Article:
The 10 Things that Every RCC Parent Should Know:
How to find, download, fill out, and print out the FAFSA form for financial aid by going to this site:. http://www.fafsa.ed.gov/index.htm – if you have questions concerning this form please call the Financial Aid Office on either campus.
Find out what other options are available besides financial aid – such as the college scholarships – the list of those scholarships, along with the application and due date is listed on the college website: http://www.rappahannock.edu and also look at the college tuition payment plan explained on the website:
To help meet your educational expenses, Rappahannock Community College is pleased to provide Nelnet tuition payment plan. For a non-refundable fee, Nelnet allows you to pay your tuition in monthly payments. To find out more about this plan, contact the College Business Office on either campus.
Also, look into what other avenues are available and help your student decide on what works best for them. Don’t assume they will handle it themselves because in the end, when tuition is due, they will need your help.
Know the student’s class schedule, not to be nosey, but for a better understanding of where your “child” is headed and to know where and when to find them. There is no delivery system available in the college for messages to be handled unless the situation is a family emergency. Classroom interruption for other situations is not permitted. Your “child” is your best resource for information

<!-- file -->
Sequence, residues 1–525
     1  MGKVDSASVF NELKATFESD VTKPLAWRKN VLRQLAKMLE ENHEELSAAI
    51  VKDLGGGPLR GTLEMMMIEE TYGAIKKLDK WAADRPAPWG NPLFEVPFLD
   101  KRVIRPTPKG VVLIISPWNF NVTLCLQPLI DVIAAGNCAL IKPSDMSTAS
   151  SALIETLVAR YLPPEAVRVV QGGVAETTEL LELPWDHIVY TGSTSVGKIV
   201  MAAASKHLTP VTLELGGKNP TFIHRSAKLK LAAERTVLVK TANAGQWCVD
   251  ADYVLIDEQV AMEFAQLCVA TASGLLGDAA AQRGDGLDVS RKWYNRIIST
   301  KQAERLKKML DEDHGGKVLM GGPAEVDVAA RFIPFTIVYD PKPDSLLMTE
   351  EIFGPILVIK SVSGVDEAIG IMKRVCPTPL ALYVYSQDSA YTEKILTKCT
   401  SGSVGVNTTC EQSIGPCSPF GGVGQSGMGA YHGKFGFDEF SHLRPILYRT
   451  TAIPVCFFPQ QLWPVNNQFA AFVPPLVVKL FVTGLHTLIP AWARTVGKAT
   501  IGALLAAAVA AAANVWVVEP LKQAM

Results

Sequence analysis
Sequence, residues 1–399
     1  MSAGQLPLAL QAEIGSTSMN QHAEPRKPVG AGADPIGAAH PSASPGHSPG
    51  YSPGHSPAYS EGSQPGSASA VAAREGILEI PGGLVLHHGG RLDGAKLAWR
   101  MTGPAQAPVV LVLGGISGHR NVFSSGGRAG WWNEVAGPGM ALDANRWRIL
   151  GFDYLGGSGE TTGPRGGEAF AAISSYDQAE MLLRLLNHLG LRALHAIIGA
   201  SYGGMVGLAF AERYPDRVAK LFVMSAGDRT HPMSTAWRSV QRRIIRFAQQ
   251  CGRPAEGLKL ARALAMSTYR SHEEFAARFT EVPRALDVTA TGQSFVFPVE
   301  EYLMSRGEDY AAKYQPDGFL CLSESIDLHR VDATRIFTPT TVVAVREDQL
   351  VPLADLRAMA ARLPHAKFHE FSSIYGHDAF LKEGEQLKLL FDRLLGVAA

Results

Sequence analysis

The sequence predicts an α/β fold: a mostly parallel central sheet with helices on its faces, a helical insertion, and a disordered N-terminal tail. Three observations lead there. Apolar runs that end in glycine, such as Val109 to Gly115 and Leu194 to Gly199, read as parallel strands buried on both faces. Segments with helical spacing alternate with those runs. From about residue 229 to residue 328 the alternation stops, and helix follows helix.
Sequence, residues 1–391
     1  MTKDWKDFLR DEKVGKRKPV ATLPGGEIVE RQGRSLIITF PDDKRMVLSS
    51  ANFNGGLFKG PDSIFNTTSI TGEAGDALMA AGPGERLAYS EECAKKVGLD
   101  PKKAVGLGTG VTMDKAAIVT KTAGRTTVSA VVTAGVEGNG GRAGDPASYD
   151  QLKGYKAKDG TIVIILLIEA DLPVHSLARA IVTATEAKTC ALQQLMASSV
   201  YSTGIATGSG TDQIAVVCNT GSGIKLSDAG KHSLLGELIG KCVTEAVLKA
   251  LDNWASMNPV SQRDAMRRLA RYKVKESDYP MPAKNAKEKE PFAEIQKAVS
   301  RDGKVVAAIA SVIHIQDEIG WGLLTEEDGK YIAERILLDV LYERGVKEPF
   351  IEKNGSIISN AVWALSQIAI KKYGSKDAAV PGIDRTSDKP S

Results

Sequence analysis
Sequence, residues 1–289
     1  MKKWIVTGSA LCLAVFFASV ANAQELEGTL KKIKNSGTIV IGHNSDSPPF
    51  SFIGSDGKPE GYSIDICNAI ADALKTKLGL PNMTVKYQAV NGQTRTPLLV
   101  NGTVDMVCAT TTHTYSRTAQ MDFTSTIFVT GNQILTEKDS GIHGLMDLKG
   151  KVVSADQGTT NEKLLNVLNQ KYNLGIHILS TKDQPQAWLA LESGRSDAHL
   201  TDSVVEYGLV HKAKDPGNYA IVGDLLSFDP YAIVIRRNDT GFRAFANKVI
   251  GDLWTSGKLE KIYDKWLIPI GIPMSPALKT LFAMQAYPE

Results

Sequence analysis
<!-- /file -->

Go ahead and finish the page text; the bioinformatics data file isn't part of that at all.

It is important to keep the lines of communication open for your student. Don’t be afraid of asking them questions about their classes and decisions they have made. It lets them know you care and are there if they need you.
When your student is in a dilemma with a problem and they are not asking you to solve it, just listen and encourage them to consider their options and support their decision. Since they’re sharing with you, avoid statements such as “how did this happen, how could you . . .?” Listen so you can guide them and help lead them to a solution.
Be confident that your student is ready for college and that you did a good job preparing them. Don’t expect them to do things the way you did or the way you would.
Growth requires making mistakes. Letting your “child” make mistakes may be difficult but can develop them in the long run. A big part of college is making choices.
It is important to be patient, Patient, PATIENT.
Supportive words work wonders: “You’ll do fine; you’re well prepared for that exam.” Or “I’m so proud of you for taking on the challenge.”
Lastly….if you have experienced the college atmosphere – remember those days and times. What memories do you remember most?